Remembering Desmond Tutu

Two Pieces from the Archives

Archbishop Desmond Tutu in 2003 | Credit: WikiCommons/University of Mount Union

As the world mourns the death of Desmond Tutu, the iconic archbishop of Cape Town who fought apartheid unrelentingly and peacefully, the Independent remembers his travels through Santa Barbara in 2005 and 2011. Desmond Tutu was the first Black archbishop for the Anglican Diocese of Cape Town, won the Nobel Peace Prize for his work to bring justice to South Africa, was a critic of the government when it failed its people, and worked to gain LGBTQ rights — all with a fiery passion tempered with well-timed humor. He was 90 years old when he died of prostate cancer in Cape Town on December 26, 2021, and will lie in state at St. George’s Cathedral before an Anglican Requiem Mass is held on January 1, 2022.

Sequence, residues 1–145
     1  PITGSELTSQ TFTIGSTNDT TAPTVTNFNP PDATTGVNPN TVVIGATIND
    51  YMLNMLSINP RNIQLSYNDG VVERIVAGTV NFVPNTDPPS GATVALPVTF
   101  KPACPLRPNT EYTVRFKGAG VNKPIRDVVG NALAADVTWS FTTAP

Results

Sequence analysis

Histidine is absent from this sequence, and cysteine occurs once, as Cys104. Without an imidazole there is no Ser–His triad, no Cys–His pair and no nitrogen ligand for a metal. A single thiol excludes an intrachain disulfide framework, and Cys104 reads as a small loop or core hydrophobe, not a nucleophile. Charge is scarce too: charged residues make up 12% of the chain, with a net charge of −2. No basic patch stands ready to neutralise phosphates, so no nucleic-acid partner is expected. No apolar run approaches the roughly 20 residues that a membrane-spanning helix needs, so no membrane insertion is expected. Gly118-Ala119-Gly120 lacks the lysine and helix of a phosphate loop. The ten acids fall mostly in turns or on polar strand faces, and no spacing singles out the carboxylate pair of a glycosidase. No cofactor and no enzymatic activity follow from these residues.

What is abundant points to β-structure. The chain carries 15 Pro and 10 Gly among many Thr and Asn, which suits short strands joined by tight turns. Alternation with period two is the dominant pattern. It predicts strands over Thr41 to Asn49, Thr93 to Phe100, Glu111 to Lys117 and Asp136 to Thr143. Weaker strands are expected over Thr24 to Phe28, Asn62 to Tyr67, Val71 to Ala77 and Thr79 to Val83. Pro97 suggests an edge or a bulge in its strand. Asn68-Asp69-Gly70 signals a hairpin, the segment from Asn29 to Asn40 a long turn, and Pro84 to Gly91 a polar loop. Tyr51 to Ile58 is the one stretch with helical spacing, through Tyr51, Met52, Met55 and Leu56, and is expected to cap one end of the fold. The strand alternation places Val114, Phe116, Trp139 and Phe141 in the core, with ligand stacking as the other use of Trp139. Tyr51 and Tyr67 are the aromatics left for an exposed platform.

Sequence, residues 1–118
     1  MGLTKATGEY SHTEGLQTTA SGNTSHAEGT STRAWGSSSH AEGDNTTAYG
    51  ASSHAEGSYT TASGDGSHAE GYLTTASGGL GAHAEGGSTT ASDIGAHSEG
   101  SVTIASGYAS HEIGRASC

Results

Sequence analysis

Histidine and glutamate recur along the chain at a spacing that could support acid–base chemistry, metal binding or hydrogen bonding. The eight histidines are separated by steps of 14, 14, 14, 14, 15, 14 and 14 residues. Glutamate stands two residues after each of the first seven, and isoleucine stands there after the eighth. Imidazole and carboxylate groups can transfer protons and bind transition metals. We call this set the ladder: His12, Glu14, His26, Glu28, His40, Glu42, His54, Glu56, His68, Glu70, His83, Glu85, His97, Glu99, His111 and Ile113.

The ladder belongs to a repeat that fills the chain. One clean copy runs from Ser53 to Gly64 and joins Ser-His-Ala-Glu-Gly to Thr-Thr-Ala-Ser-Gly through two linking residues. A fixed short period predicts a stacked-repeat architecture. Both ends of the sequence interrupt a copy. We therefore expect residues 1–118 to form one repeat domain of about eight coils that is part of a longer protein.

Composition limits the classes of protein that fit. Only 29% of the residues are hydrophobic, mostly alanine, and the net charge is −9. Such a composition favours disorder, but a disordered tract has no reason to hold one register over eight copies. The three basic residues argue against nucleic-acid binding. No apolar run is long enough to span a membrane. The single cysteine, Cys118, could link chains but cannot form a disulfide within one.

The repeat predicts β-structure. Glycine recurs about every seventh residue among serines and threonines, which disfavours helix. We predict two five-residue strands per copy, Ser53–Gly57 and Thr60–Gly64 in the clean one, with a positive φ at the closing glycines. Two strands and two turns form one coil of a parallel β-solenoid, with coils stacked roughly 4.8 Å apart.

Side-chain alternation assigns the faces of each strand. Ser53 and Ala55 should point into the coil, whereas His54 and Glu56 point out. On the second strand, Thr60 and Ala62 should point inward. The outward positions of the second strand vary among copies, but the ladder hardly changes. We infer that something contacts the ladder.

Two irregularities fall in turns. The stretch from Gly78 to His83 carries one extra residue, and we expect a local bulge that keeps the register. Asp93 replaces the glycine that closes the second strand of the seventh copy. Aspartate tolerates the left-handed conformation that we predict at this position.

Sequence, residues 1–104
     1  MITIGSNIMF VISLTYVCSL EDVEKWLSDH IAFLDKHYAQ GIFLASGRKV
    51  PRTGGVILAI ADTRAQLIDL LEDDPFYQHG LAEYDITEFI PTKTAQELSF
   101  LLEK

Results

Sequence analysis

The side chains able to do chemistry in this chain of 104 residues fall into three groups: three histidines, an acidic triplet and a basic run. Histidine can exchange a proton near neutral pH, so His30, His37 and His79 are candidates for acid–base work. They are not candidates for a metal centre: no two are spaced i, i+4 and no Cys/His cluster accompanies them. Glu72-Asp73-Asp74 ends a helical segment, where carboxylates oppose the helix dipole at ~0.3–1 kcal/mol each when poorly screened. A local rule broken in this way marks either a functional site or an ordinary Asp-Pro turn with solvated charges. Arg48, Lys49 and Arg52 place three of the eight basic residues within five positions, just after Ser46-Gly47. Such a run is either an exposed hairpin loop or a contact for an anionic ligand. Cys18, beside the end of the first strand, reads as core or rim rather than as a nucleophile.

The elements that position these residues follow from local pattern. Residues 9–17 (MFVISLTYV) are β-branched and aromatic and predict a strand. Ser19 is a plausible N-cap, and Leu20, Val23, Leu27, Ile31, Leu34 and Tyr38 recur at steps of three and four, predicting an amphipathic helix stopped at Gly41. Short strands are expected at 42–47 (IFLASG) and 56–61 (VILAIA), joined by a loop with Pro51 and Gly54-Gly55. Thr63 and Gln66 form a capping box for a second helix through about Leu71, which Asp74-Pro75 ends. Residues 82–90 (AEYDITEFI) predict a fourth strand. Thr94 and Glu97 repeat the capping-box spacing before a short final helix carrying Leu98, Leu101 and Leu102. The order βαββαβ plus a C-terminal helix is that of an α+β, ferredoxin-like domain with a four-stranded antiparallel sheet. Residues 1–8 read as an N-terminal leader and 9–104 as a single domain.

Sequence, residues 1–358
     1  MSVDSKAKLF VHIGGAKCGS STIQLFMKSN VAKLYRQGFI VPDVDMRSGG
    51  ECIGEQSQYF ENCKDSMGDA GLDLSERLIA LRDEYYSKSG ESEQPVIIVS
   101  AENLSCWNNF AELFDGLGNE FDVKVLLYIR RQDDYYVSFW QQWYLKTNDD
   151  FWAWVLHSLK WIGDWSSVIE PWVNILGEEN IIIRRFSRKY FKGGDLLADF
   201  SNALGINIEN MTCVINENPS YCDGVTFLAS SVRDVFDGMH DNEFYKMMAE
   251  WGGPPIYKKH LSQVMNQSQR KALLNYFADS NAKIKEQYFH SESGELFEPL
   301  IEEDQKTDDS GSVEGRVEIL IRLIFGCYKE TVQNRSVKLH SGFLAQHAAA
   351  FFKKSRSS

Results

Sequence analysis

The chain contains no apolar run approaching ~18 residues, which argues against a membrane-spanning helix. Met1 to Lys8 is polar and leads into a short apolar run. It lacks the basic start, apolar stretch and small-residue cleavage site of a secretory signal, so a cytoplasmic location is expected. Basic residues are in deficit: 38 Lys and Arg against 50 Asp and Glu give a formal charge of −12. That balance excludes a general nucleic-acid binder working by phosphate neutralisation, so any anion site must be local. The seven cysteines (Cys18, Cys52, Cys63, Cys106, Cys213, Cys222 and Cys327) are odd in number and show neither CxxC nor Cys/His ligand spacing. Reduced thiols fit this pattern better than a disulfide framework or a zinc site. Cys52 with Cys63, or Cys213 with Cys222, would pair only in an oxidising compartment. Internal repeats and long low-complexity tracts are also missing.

Sam Kornell interviewed the archbishop for a cover story that appeared shortly before his talk at the Arlington Theatre in 2005, sponsored by UCSB Arts & Lectures. The post was one of the first at

Bishop Tutu Calls for a Return to Human Rights

Archbishop Tutu visited Montecito in 2011 in support of the Nuclear Age Peace Foundation. When reporter Brandon Fastman spoke with him the next day, Tutu told him that humor was “one of the best ways to get people’s attention. They relax a little bit, and they are more prone to hearing what you are saying when they were expecting something rather dour.”

Tutu Touches Down in Montecito


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